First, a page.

Newsworthy Notes for Not-For-Profits
Marva M. Flanagan, CPA
Foundation Center and GuideStar join forces
The Foundation Center, which maintains the most comprehensive database on foundations and their grantmaking, is teaming up with GuideStar, an online database of about 2.7 million not-for-profits. The two are forming a new not-for-profit organization known as Candid, which will offer access to billions of pieces of data and more than 140,000 grantmaking organizations.
The organization plans to develop joint resources, align their data collections to provide more valuable information and offer training to not-for-profit and foundation employees. Among other initiatives, Candid plans to create a common grant application and reporting framework that not-for-profits can use for multiple foundations.
How to convert “social donors” to regular supporters
Almost 25% of U.S. adults identify as “social donors” who contribute through a fundraising event or peer-to-peer campaign. A new study uncovers how not-for-profits can best reel in these donors to become regular supporters.
Fundraising technology company OneCause surveyed more than 1,000 such donors. It found that those who did not receive follow-up communication are significantly less likely to say they will become regular monthly or annual contributors. The biggest factor driving likelihood to convert to regular contributors is whether social donors understand the true impact of their donations; impact matters more to them than recognition.
What do donors want after a fraud?
The very nature of not-for-profits, from their inherent trust to their limited resources for instituting preventive measures, makes them especially vulnerable to fraud. And, because they rely on their public image and donor perceptions of organizational effectiveness for continued funding, not-for-profits can find it difficult to recover financially from fraud.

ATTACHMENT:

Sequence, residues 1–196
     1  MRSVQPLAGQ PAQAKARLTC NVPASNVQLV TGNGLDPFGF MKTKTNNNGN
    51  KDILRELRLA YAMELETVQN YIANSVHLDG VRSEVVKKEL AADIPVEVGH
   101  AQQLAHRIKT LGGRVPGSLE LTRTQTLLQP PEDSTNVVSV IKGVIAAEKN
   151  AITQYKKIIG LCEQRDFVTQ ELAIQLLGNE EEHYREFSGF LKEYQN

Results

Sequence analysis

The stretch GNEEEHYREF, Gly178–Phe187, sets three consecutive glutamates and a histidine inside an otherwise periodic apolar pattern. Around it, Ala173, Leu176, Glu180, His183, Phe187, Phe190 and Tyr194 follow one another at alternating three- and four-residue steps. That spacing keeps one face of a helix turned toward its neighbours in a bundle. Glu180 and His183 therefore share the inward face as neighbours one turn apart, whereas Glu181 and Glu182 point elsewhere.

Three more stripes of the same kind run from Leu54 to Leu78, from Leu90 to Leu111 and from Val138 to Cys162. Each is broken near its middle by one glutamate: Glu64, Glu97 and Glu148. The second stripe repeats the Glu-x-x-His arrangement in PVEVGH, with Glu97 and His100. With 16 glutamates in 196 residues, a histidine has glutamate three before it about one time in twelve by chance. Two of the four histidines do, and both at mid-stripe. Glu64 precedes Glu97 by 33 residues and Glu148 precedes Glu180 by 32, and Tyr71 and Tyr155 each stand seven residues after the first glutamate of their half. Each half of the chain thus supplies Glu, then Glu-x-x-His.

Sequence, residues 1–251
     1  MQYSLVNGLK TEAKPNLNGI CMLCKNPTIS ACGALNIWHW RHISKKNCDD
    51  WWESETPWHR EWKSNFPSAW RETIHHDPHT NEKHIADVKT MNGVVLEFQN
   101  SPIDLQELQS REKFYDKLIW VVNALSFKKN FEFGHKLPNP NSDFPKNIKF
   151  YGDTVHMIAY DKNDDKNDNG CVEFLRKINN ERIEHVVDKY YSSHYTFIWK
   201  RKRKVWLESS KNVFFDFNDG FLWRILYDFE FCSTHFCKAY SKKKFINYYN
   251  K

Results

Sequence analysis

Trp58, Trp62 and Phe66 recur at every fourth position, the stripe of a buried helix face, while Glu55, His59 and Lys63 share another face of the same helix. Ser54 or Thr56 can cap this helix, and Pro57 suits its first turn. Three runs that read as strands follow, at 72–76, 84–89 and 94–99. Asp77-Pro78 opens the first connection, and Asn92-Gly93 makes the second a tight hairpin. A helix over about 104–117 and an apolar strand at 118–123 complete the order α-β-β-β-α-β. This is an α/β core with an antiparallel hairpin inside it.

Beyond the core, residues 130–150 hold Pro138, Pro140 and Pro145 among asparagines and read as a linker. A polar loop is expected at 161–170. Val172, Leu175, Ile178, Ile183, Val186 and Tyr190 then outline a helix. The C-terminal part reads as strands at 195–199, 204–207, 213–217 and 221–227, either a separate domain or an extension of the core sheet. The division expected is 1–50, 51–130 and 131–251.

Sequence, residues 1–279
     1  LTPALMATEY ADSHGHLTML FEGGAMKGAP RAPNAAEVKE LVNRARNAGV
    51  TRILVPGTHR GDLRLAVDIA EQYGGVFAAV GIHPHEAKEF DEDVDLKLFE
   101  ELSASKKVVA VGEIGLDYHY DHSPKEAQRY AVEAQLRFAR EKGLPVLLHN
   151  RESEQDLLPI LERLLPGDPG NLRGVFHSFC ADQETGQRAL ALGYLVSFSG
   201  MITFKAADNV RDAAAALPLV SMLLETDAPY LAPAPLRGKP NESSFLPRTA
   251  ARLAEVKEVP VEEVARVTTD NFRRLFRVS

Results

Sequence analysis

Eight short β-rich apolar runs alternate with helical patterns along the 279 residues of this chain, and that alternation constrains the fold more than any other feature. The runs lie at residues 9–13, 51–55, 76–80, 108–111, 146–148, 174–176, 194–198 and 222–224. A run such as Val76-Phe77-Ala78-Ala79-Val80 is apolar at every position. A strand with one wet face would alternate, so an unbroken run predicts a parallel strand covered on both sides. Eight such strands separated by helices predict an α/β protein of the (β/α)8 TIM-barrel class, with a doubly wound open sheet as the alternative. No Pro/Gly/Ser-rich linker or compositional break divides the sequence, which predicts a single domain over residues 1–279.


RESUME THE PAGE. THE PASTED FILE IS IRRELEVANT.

A new study, published in the Journal of Accounting, Ethics & Public Policy, considered which “reputation-repairing” actions improve the likelihood that potential donors would contribute following a major misappropriation of funds. It found that, statistically, improving the board of directors’ oversight had the only significant positive effect on potential donations. But, notably, firing an executive director who was not involved in the fraud reduced both the likelihood and amount of planned giving.
Sharing “lessons from the church boardroom”
Two veterans of the Christian-based not-for-profit arena have published Lessons from the Church Boardroom, a new book with practical ideas on church board governance. Dan Busby, president of the Evangelical Council for Financial Accountability, and John Pearson, a board governance consultant, lay out 40 short insights for inspiring a church’s board. For example, they discuss the proper division of duties between board members and staff, outline best (and worst) practices for a church boardroom and identify meeting time-wasters.